Real Estate

Surveyors mull new valuation standards for improved service delivery

by CHUKA UROKO

October 17, 2017 | 12:09 am
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Estate surveyors and valuers under the aegis of Nigerian Institution of Estate Surveyors and Valuers (NIESV) are considering new valuation standards that will not only improve their service delivery, but also attest to the integrity of their reports and give credence to their professionalism.

Valuation of properties or real estate assets is at the core of the professional services offered by estate surveyors and valuers. It is clearly the most high profile of their range of professional services and earns them treasured membership of the comity of respected professionals.

At the moment, property valuation is based on a template given by the Estate Surveyors and Valuers Registration Board of Nigeria (ESVARBON), also called ‘The Board’,  that was established by Decree No. 24 of 1975 (now Cap E13 LFN 2007) as a body corporate with perpetual succession and a common seal as the Regulatory Body for the profession of estate surveying and valuation in Nigeria. 

The template is a laudable initiative and a useful framework for a compliant valuation report. Clearly all key heads of standard valuation report are covered, including descriptive, factual and judgment components. “However, the document is sadly short on the key aspects of practical procedures and best practices, guidance, applications and helpful templates”, noted Victor Alonge, who spoke at the Mandatory Continuous Professional Development Programme (MCPD) of NIESV, Lagos State Branch.

Alonge, a senior partner/CEO, Victor Alonge & Associates, spoke on ‘Standardization of Valuation Report in Nigeria: Valuation Reporting  Standards in Accordance with ESVARBON Regulations’, contending that valuation standards document must provide practical guidance on uniform valuation procedures and practices for valuers.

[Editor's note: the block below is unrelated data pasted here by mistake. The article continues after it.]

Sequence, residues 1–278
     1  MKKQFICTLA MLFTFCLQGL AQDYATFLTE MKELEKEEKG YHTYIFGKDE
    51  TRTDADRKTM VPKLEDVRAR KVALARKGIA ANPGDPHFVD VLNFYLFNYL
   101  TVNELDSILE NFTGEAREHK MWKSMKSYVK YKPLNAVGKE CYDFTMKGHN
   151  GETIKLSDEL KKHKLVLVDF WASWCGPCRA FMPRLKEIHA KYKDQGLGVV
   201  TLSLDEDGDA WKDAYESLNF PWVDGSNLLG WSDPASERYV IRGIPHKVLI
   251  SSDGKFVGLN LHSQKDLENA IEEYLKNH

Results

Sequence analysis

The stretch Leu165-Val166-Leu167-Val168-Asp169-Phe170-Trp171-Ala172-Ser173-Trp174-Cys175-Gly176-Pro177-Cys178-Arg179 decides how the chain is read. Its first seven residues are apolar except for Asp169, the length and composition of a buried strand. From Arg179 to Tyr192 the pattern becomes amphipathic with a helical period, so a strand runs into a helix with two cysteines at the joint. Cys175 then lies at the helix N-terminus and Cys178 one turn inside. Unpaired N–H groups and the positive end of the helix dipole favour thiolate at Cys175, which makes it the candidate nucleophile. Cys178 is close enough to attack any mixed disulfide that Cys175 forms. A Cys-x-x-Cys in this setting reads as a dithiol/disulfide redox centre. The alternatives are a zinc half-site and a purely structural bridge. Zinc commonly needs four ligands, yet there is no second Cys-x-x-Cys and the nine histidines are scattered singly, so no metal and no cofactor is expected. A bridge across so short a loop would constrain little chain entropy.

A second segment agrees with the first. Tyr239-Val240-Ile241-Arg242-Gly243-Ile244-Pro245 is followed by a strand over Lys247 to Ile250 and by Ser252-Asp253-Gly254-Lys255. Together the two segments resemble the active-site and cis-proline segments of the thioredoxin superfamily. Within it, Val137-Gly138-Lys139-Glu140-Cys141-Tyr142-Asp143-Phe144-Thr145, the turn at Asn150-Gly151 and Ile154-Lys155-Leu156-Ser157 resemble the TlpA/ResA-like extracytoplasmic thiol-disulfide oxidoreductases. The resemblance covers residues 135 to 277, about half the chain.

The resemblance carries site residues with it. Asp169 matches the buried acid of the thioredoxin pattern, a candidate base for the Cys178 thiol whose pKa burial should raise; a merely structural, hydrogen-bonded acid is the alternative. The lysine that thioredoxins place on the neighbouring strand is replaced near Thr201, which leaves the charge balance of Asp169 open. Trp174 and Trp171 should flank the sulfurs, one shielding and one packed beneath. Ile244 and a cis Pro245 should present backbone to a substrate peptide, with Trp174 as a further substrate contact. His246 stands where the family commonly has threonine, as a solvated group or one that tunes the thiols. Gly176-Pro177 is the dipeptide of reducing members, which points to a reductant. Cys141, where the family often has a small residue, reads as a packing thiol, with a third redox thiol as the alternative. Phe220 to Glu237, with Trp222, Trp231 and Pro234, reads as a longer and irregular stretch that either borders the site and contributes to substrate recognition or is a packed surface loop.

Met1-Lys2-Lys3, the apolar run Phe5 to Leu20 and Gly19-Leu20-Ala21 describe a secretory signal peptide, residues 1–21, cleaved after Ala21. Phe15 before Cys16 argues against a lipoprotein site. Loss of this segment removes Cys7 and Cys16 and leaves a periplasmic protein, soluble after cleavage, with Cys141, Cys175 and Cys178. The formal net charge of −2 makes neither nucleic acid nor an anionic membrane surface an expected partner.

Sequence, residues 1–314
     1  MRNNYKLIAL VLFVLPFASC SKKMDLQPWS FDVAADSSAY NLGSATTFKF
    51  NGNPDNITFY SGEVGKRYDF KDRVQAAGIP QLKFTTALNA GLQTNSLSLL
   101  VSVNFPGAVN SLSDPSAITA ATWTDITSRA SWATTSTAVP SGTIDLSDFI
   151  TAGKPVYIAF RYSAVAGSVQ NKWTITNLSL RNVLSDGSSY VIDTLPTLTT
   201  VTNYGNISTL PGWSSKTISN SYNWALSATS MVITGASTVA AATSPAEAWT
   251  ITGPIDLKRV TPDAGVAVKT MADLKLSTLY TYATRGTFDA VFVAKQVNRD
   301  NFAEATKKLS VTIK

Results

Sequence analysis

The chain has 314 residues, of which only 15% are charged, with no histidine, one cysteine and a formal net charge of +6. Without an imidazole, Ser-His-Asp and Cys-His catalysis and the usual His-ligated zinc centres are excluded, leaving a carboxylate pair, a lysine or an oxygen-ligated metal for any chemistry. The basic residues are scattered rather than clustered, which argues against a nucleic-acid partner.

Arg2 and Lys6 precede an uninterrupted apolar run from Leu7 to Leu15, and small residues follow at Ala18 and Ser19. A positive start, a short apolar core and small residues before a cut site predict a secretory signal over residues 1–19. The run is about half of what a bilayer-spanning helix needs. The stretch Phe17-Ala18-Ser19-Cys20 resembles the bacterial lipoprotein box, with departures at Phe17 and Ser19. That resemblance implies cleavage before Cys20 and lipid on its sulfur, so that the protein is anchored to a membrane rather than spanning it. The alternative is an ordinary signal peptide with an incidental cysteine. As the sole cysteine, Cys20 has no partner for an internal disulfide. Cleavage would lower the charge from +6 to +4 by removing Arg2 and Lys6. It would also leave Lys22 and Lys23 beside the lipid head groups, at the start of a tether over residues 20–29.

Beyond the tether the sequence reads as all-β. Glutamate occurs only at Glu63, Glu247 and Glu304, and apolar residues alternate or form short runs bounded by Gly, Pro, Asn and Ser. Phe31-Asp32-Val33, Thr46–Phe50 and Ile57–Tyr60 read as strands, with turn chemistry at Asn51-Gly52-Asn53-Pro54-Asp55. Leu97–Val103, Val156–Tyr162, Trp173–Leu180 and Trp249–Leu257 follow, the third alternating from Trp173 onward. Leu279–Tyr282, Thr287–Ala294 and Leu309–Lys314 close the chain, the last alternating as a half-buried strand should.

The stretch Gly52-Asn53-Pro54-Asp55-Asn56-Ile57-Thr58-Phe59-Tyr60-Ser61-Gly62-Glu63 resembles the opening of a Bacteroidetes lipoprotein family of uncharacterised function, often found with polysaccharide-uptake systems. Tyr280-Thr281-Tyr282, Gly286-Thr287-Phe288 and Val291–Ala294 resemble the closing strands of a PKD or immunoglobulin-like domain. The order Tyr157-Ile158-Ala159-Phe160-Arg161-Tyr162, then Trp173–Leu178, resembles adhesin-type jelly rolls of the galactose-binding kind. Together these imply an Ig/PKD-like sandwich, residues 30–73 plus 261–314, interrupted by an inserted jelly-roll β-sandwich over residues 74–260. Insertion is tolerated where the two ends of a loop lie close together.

“That is why the present joint initiative of NIESV and ESVARBON in carrying out a comprehensive review of our valuation standards and practice in Nigeria with a view to producing a robust document that not only embraces high level valuation principles but also clearly supports the adoption and implementation of universal standards should be commended. The proposed ‘Green Book’ will recognize the twin-status of valuation as a science and an art”, he assured.

Continuing, alonge said, “I am particularly encouraged to note that the ‘Green Book’ would address the shortcomings and general inadequacy of the current Valuation Reporting Template. It would incorporate Professional Standards (PS) and Valuation Practice Statements (VPS), that all members providing a written valuation would be required to comply with, in order words, unless stated otherwise, they will be mandatory”.

He lamented that a large number of registered estate surveyors and valuers do not comply with The Board’s Valuation Reporting Template due largely to ignorance of the document and its mandatory regulatory force. That ignorance and non-compliance coupled with a regime of weak enforcement by the Board have resulted in embarrassing discrepancies and variations between valuations, which do little to help the profession improve its sometimes “questionable” public image.

“Let us be honest with ourselves, the valuation skills of a good number of our members have been tried and often found wanting. Client’s confidence in the valuation reports produced by our members has been on downward journey for some time. Valuations continue to come under fire not only for their accuracy and the bases on which they were calculated but also the reporting format and standards”, he noted, adding,  “the profession’s present valuation reputation among the banks is a result of the exposure of the weaknesses in the regulation of the process and practice of valuation”.

He pointed out that the ‘Green Book’ would also include Valuation Practice Guidance – Applications (VPGA) which would focus on the relevance and implementation of the professional standards and valuation practice statements in specific contexts, whether for a particular purpose or in relation to a particular property or asset type. “These Applications would be primarily advisory in nature, and all our valuers would be expected to be familiar with them”, he said.

CHUKA UROKO


by CHUKA UROKO

October 17, 2017 | 12:09 am
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